Home equity loans are an extremely popular source of credit.
Lenders offer dozens of varieties of loans making it very easy
to tap the equity in your home. If you browse the marketplace
online, you will find most of these loans come with variable
interest rates. Some loans are marketed with very low
introductory interest rate. There are not many home equity lines
that come with fixed interest rates. Many lenders charge upfront
fees and large amounts at closing. Some equity loans charge
annual fees and may have a large balloon payment due at the end
of the loan. Equity loans that do not carry balloon payments
typically come with much higher monthly payments.
As a homeowner you need to shop around for the best home equity
loan that is right for you. The challenge is finding a lender
that will match your needs for the best interest rate, fees, and
terms. Fortunately, the marketplace is extremely competitive,
and a shrewd shopper can find excellent deals. To do this you
need to contact as many lenders as possible. Compare offers not
just based on interest rates, but compare the fees and terms as
well. Make sure you read and understand all the fine print
contained in your loan contract. Don't be afraid to ask
questions or haggle over terms and stipulations. Mortgage
lenders need your business more than you need theirs. Demand
more from your mortgage lender and you'll be amazed how far it
will get you.
Before shopping for a home equity loan there are several
questions you need to have answers for.
First, is a home equity line of credit right for you?
If you are in a situation where you have to borrow money in a
hurry, home equity lines are a great source of credit. Home
equity lines of credit offer easy access to your home equity and
even tax advantages you won't find with other loans. The
downside of tapping the equity in your home is that you are
using you home as collateral on the loan. If the equity loan you
choose comes with a large balloon payment at the end of the
loan, you could place your home at risk if you are unable to
make the balloon payment. If you move and need to sell the home
most equity loans require full payment at the time of sale. Many
home equity lines allow you to write checks against your equity;
this ease of access to your money could lead to spending when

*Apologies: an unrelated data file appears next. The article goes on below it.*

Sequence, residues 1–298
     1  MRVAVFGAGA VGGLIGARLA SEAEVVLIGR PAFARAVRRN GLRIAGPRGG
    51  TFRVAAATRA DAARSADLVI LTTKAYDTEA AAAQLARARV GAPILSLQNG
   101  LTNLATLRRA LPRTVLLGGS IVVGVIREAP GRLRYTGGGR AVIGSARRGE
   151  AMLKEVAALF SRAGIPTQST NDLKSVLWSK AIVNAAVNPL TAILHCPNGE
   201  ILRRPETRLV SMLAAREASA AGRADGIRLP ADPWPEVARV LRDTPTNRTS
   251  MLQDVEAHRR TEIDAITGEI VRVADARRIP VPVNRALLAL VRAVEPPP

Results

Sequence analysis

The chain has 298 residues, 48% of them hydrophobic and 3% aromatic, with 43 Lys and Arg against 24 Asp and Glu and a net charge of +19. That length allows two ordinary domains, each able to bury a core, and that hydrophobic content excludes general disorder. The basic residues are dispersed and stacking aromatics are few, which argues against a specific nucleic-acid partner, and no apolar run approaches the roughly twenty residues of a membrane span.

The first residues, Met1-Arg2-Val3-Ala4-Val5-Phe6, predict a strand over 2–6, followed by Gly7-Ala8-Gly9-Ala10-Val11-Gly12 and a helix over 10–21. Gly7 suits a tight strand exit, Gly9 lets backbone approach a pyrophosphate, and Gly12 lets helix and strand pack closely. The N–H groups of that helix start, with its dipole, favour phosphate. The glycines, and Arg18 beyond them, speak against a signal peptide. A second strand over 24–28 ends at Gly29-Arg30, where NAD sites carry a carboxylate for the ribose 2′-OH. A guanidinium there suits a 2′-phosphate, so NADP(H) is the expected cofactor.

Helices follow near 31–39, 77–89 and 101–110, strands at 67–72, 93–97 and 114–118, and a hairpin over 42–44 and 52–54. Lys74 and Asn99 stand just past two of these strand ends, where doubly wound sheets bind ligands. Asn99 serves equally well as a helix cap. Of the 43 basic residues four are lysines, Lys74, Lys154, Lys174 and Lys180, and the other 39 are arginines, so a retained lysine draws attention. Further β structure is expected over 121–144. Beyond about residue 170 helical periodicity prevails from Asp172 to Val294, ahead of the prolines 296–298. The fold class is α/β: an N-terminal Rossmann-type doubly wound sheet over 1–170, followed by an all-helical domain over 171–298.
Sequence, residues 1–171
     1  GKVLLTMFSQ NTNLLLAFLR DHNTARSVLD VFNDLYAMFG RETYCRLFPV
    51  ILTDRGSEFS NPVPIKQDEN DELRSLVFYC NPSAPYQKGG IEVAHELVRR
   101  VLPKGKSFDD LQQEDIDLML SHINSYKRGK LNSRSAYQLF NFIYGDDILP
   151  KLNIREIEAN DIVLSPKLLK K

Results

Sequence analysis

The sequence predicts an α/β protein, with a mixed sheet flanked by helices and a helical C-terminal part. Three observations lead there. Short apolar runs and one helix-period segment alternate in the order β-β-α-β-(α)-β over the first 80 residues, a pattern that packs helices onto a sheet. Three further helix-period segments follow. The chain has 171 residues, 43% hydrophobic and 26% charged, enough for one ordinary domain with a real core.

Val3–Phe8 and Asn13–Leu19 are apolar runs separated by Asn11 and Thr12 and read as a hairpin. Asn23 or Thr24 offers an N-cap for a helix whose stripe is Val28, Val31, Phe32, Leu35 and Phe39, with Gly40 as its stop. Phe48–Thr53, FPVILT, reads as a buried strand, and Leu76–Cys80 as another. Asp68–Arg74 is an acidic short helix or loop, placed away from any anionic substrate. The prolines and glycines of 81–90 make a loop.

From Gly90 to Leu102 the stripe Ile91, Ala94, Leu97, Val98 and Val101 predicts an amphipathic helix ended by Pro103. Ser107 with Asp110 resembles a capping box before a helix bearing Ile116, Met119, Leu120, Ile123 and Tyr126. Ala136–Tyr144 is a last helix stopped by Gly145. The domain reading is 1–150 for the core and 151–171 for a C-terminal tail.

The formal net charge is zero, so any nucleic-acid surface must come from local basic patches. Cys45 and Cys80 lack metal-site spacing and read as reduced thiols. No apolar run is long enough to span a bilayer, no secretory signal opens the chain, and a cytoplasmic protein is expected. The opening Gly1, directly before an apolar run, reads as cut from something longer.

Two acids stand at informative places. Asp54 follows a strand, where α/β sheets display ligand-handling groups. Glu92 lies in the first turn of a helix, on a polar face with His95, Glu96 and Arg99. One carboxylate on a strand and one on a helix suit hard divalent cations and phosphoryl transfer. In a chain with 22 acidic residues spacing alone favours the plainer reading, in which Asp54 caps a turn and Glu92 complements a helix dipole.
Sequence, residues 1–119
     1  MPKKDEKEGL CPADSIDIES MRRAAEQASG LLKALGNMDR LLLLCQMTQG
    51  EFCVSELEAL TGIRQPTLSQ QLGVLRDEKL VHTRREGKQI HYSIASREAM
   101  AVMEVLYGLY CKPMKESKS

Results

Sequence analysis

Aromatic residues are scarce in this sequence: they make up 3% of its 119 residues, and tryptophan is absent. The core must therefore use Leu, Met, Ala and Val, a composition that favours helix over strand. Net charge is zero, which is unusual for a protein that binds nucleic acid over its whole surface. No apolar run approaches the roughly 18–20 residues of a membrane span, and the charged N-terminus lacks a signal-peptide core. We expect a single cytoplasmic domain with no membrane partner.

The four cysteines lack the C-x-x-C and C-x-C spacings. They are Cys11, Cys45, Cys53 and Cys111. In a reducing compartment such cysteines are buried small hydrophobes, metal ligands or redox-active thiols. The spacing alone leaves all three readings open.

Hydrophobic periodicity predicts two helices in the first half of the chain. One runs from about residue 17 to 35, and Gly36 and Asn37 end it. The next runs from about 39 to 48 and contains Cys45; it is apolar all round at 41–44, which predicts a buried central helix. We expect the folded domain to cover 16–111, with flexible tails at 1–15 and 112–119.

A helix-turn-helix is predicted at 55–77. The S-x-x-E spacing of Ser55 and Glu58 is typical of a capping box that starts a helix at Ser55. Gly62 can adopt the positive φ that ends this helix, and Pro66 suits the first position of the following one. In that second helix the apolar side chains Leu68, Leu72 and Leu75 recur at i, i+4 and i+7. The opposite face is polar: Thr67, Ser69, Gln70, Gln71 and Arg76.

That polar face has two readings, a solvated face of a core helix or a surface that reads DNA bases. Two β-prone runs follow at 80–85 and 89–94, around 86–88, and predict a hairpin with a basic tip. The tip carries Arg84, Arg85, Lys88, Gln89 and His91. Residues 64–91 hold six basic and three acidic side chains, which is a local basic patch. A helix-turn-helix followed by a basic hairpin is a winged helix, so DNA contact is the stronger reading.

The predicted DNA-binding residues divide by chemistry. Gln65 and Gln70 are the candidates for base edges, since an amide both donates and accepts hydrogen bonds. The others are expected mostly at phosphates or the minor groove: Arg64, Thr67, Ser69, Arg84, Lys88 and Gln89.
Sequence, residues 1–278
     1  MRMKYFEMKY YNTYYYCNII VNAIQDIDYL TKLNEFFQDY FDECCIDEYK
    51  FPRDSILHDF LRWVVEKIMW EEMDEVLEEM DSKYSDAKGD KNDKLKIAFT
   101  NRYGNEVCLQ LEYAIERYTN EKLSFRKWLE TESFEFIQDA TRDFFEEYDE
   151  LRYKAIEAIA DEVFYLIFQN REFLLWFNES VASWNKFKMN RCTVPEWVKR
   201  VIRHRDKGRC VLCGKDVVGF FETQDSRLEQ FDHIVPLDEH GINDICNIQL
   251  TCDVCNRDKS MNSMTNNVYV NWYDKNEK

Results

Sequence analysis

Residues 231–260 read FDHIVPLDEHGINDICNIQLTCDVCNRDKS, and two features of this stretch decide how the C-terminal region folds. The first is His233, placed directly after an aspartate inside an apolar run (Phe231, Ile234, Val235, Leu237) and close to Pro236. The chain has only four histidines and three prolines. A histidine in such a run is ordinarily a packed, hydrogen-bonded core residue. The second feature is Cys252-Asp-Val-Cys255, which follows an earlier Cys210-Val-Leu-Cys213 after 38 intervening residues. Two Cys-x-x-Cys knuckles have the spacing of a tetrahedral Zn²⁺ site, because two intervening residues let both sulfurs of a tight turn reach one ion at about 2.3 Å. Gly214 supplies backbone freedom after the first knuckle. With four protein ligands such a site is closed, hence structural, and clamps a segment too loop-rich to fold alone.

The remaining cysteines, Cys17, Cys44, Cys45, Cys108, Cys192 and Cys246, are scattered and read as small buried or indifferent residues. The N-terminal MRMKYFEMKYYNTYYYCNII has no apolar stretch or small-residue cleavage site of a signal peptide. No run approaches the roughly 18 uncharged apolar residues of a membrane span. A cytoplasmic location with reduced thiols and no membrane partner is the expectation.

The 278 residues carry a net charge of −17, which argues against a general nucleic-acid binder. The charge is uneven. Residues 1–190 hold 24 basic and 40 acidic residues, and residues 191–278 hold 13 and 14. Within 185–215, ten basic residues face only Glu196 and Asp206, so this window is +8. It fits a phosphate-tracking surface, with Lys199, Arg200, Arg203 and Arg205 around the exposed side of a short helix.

you don't need to. If you are not careful you could piddle away
the equity in your home with frivolous spending.
There are options available to you other than home equity loans.
If you take out a second mortgage on your home you are paid in a
lump sum. Second mortgages usually come with fixed interest
rates making them less risky than home equity loans.
Second, consider how much you really need versus how much you
Your home equity lender will evaluate your credit history along
with your income and debt ratio. Depending on the outcome of
this you may be allowed to borrow as much as 85 percent of the
value of your home. Make sure you fully understand the loan
terms and how the loan works.
Interest rates from home equity lines vary widely between
lenders. You can save a lot of money by doing your homework and
shopping from a wide variety of equity lenders. Make sure you
are comparing the annual interest rate for the loans. The
interest rates lenders advertise are based on interest paid. To
make an accurate comparison compare all fees, including closing
costs, points paid up front, and any annual fees you must pay.
This will allow you to make an informed decision on a home
equity line of credit or a second mortgage loan. Remember loans
with variable interest rates typically come with a low
introductory period. When this period is over your interest rate
and payment amount could increase dramatically. Taking out a
second mortgage with a fixed interest rate could shield you from
surprises in your monthly payment amount.
If you decide on an adjustable rate loan, make sure you
understand the periodic cap. This cap limits the amount your
interest rate can change at once. Look for loans that come with
lifetime caps as this will limit the amount your interest rate
can change over the life of the loan. Ask your lender which
index your interest rate is tied to. Indexes such as the prime
interest rate are used to set your adjustable interest rate
amount. Your lender will charge a margin on top of this index
when setting your monthly payment amount. Finally, ask your
lender if you have the option of converting to a fixed interest
rate at a later time. If you do your homework up front and shop
around, you can certainly find an excellent home equity or
second mortgage for your financial needs.
About the author:
NoneLouie Latour has twenty years of experience in the mortgage
industry as a mortgage broker. He is the owner of Mortgage Refinance
Advisor, a mortgage resource site devoted to saving homeowners
money with a free guidebook "Five Things You Need to Know Before
Refinancing a Mortgage." http://www.refiadvisor.com
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